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The Sweet Sound of a True Strategic Culture
The Sweet Sound of a True Strategic Culture
I have two teenage boys who are REALLY into music. One plays drums and sings. The other plays bass and lead guitar. They get their talent from their mother for sure. I do not have a musical bone in my body. Don’t get me wrong, I love music. I just cannot play anything but my Spotify account, which forced me to think, “So many people love and appreciate music, even though not everyone can perform it. Can’t the same hold true for strategy?”
A recent survey from Urban Business Legend tells us that between 60-90% of companies fail to execute their strategic plans. Whether you choose to believe the low or high range of this percentage, that is a big number! Now, I am confident in saying that from our experience with clients, the same range of companies know that strategy is important. This ratio is probably on par with that of fans of music and those who never learn to play an instrument.
Why this huge delta between those who know the significance of both music and strategy, and those who still fail to execute on it? They both can sometimes come down to choice for sure. In the case of strategy, however, everyone, including C-Suite or business owners, reverts to doing what was easier to do before the creation of that strategy. The fact is many leaders take their organizations through a planning process to map out their future. They spend cycles upon cycles on meetings, reviews, and documentation, and then they go back to doing the same things they were doing before that plan existed.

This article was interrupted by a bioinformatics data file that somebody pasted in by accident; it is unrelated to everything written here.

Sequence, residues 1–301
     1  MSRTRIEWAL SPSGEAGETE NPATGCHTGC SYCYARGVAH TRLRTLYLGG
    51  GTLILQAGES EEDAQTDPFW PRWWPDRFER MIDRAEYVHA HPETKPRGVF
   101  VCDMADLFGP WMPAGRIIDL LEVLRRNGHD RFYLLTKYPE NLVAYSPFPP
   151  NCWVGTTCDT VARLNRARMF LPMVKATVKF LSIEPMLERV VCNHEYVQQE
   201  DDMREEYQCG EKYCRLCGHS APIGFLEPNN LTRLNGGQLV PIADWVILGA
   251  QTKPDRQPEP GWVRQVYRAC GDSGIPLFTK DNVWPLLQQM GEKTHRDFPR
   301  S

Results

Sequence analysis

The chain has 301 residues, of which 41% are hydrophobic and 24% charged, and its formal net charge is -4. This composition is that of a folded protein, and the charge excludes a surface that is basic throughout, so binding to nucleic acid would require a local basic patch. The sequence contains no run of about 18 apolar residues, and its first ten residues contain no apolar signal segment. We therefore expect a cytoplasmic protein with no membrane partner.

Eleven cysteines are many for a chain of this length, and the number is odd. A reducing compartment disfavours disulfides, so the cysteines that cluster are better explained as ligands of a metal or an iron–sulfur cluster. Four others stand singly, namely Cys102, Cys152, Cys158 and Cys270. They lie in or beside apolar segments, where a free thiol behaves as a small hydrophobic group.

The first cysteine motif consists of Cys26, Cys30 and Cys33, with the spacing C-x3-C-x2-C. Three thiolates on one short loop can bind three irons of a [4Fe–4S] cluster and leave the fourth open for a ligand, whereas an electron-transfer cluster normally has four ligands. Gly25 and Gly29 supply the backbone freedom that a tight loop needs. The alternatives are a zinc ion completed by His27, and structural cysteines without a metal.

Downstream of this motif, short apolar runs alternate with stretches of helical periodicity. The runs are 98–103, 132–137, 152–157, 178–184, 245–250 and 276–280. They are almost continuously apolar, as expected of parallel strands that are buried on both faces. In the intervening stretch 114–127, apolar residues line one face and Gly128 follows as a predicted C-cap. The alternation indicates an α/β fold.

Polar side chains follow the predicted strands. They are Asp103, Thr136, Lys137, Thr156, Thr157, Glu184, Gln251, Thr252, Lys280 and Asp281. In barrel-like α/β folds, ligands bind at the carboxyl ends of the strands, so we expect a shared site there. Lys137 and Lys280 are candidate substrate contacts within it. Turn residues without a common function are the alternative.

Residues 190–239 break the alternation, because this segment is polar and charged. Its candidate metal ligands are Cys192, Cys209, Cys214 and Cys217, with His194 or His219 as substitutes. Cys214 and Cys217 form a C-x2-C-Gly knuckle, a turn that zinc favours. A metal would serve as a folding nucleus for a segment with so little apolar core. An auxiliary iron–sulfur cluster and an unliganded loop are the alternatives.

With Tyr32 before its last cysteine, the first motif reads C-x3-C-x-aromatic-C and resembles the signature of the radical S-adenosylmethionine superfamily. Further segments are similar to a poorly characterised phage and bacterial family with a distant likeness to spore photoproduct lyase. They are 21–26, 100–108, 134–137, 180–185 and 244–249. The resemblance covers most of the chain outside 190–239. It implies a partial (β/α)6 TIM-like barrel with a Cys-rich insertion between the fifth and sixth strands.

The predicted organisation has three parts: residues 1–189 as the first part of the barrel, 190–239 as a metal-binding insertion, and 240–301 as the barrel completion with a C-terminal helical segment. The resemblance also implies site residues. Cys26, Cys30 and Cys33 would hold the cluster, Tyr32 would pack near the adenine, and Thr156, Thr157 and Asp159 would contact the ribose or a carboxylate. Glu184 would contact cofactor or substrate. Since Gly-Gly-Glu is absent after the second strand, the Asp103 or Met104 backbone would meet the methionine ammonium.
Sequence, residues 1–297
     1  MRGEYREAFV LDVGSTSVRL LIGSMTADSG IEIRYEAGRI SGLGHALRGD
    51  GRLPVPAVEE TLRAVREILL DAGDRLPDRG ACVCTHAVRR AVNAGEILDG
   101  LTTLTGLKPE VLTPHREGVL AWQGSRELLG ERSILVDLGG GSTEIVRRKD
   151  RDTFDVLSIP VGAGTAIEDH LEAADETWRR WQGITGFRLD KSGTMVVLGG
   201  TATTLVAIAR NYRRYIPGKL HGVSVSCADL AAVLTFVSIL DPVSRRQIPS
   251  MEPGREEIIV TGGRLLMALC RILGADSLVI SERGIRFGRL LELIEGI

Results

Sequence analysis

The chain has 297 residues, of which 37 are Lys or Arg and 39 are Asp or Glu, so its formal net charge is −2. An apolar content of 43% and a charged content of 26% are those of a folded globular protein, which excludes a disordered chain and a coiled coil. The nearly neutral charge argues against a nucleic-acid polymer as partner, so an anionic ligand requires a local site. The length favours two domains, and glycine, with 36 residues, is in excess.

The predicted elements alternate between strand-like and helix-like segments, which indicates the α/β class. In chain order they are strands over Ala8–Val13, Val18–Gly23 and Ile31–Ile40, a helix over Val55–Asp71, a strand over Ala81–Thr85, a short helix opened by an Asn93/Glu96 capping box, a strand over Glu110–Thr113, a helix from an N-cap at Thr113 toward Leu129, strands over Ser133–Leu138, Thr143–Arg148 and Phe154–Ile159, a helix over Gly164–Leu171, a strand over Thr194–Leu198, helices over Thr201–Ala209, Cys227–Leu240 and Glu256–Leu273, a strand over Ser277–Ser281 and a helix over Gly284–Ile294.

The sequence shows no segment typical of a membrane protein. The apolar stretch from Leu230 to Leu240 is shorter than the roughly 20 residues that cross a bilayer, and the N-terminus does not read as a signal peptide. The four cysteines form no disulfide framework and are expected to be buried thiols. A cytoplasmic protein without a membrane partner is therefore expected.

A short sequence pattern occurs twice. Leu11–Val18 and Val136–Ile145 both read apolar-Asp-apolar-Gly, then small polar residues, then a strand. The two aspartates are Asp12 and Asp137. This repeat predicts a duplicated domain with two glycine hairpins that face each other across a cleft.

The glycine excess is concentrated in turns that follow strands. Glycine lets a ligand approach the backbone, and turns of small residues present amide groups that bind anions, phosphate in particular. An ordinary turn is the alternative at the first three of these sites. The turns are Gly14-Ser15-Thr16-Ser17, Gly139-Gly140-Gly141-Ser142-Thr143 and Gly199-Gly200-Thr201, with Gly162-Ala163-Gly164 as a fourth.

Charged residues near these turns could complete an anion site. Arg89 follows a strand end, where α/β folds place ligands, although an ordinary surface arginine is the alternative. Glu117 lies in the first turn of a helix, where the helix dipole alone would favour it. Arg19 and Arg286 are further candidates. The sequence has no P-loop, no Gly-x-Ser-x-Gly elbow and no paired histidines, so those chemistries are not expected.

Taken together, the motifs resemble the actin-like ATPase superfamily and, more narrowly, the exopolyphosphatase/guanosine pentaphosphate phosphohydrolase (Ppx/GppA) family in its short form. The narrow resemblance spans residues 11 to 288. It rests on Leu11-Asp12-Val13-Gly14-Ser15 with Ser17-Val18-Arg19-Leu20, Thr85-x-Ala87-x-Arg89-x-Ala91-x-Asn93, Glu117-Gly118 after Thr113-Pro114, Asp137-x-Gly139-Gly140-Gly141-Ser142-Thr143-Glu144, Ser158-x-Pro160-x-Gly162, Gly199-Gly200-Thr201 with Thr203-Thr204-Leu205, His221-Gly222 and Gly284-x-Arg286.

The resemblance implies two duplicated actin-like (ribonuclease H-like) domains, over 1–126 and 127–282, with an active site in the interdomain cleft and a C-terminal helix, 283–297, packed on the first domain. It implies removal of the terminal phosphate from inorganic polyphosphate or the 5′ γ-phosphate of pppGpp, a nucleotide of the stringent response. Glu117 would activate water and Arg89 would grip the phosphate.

Think of yourself or people you know who may have taken some form of music lessons when you were younger. Maybe you played in school bands, sang in your church or other social groups, or had aspirations in your garage with your buddies – only to move on to something else. There are many reasons why you abandoned your dream. Maybe you just were never that good (like me). Maybe it was just one of the many talents you tried but had a passion for something else (also me). Regardless of the reason, we all can relate. Music is great when it comes to putting all the notes together into something to which the player and the listener can relate. Strategy has a similar truth. The tasks necessary to execute are unremarkable alone, but if they are in service of something that can be relatable and meaningful to your team and your customers, then they become remarkable.
“What if you asked everyone to step outside of their daily tasks and forced them to work a new task list that was in service of the greater good?” You cannot stop there. The key is not just forcing them into a new routine, but to hold them accountable for that routine in service of the strategic objective. Of course, the objective has to be achievable, and rewards must be put in place for achieving them to rally the team. This is like one musician, playing one instrument, playing their notes. Alone, it is just a “riff.” Maybe it is good, but not until you pair that one musician with their one instrument playing their notes with other musicians playing their instruments and notes does it serve the song and the entire group!
How do you get every member of your team to execute your strategic plan? Look no further than the greatest bands you have ever followed.
Make sure every (band) member has at least one thing to contribute to the plan
Many bands have a writer or a couple of writers, sometimes as members, and sometimes as supporting members. Yet, even in those scenarios, each member usually adds or modifies something in the music to make it ready for the public. The same goes for your planning culture. You have to be clear about how every person contributes to the overall success of the strategy and how each person is accountable for their set of actions. This creates unity. Every band – and every organization – needs that to survive long term.